The second thing to think about when selecting a turkey is whether to buy it fresh or frozen. I’m no turkey snob, but the important thing to keep in mind is that if you buy a frozen turkey, you’ll need to let it fully defrost before you start the brining and cooking process. If you plan to let it thaw in your fridge--it can take a while, up to 24 hours per 5 lbs. So just keep that timing in mind, if you decide to go with a frozen turkey and buy it far enough in advance.
You should aim to have your turkey completely thawed at least 18 hours before you intend to eat it, in order to allow enough time to season and cook it.
So that’s where we will start. The day before your thanksgiving feast, clean your turkey and get it ready to be seasoned.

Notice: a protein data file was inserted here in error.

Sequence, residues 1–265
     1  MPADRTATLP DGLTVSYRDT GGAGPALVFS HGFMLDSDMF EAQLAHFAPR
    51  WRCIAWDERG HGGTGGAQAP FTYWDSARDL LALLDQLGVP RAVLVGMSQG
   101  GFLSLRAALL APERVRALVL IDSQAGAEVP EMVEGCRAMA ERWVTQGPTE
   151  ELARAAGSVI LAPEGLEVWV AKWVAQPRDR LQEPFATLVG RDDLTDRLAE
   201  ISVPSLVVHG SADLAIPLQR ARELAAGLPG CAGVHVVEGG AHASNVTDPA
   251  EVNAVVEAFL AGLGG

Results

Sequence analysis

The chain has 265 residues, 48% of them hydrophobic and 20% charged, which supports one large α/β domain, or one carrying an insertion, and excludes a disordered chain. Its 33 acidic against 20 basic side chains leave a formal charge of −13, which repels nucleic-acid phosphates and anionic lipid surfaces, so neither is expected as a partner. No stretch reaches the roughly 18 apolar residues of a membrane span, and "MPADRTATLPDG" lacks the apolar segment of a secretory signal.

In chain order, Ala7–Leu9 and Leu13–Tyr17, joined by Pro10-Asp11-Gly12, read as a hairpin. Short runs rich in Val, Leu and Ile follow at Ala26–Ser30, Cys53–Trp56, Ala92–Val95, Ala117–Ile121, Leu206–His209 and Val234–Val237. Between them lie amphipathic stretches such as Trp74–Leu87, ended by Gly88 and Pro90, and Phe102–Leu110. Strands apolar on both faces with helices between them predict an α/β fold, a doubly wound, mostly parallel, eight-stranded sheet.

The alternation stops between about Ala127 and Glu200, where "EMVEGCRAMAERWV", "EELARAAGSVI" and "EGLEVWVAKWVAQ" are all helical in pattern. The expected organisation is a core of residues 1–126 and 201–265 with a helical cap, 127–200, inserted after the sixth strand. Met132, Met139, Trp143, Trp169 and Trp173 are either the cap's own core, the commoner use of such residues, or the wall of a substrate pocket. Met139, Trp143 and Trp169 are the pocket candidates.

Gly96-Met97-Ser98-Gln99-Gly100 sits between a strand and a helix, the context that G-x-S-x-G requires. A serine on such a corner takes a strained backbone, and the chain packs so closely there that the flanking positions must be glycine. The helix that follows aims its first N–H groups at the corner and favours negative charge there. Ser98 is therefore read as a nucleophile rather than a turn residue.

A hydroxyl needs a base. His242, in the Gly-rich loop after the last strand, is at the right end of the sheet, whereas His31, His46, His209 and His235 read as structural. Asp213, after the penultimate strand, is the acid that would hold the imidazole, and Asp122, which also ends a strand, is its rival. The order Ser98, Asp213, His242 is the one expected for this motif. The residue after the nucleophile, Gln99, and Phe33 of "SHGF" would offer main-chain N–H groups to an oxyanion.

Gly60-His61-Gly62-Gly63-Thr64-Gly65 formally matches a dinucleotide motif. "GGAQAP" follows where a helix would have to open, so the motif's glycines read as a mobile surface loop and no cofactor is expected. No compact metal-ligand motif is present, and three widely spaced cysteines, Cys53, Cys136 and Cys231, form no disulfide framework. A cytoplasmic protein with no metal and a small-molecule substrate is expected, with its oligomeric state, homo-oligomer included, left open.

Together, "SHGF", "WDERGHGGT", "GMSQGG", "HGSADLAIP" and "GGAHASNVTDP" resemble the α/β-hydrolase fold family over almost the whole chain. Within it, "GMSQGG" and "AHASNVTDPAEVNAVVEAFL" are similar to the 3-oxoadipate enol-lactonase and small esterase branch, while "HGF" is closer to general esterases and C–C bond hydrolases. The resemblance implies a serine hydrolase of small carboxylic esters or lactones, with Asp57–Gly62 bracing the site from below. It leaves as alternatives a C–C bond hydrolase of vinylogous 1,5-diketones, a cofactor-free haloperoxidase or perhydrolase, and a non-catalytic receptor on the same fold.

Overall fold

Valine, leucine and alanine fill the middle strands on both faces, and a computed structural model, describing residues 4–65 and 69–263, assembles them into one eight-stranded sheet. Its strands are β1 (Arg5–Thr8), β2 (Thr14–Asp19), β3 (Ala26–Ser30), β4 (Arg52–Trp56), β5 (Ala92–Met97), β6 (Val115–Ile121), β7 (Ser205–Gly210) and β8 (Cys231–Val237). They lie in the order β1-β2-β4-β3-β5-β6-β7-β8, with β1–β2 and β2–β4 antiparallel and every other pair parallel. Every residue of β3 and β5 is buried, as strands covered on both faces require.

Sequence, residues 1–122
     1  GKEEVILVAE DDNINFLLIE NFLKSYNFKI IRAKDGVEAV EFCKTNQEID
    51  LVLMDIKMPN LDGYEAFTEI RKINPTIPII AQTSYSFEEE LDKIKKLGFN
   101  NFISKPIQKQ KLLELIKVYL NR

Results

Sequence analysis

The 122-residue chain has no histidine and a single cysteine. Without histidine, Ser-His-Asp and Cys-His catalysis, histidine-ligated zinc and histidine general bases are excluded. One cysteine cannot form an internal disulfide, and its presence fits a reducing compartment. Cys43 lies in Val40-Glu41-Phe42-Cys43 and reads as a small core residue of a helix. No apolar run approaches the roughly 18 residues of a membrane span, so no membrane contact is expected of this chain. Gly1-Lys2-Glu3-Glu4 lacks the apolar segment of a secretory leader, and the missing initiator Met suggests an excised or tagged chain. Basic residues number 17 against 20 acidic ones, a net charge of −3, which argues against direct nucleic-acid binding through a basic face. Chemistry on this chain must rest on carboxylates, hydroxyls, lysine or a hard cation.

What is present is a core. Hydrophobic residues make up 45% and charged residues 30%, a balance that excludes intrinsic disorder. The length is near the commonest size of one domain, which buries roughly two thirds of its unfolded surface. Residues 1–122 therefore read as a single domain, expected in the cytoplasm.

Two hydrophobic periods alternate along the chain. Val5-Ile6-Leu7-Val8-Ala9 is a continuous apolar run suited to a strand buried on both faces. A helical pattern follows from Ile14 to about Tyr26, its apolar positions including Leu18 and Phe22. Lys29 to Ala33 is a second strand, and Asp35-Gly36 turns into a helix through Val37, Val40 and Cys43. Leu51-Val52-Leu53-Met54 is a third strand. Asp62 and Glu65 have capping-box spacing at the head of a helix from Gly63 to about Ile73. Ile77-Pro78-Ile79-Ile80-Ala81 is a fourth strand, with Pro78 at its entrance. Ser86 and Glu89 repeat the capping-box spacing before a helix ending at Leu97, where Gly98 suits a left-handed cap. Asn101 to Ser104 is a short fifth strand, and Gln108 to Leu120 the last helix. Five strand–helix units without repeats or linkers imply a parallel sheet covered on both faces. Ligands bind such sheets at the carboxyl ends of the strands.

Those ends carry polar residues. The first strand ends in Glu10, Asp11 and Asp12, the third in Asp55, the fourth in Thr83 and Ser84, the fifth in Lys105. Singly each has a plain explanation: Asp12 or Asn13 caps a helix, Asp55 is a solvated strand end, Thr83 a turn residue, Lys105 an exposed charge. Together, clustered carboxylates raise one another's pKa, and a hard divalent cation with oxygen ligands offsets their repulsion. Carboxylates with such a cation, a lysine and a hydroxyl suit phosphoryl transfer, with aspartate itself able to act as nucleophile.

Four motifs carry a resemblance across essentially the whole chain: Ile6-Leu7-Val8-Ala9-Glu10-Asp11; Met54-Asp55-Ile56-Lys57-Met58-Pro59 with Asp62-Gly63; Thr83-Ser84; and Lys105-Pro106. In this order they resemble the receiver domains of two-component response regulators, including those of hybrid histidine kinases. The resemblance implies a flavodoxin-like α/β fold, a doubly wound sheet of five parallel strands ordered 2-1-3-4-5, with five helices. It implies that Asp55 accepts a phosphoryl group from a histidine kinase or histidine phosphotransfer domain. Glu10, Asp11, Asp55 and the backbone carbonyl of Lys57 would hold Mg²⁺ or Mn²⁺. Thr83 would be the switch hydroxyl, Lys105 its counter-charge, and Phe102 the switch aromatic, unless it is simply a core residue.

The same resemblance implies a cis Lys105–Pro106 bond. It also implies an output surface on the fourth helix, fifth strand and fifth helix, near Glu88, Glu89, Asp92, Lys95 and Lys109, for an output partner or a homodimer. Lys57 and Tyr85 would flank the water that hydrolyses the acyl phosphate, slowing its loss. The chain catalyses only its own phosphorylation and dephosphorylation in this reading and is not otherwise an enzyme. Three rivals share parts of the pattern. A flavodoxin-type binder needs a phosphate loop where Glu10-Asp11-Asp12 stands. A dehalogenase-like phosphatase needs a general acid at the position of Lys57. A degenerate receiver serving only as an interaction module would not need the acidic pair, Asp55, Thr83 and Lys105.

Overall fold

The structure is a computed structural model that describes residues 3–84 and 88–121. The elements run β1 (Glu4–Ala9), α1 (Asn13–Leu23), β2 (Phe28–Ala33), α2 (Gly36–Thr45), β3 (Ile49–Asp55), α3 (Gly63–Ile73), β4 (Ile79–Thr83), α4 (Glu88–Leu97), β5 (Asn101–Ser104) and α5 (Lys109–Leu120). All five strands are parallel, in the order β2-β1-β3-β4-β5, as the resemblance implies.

I find it easiest to do this cleaning process in the sink. You’ll need the water to clean the turkey; and the sink acts as a natural barrier to contain all of the raw turkey juices so you don’t contaminate the rest of your kitchen.
Take your turkey out of its packaging and remove the neck and giblets. Then, give it a quick rinse with water, to flush off all of the packaging liquid.
Once rinsed, wash your turkey with a generous amount of white vinegar, in order to remove any off flavors the turkey may have picked up from your fridge or freezer.
Finally, rinse the vinegar off the turkey so it doesn’t start pickling the meat and transfer your turkey to a large tray, which will need to fit inside of your refrigerator.
Now don’t forget to disinfect your sink after cleaning your turkey. Food poisoning is no joke and doesn’t mix well with a Thanksgiving party.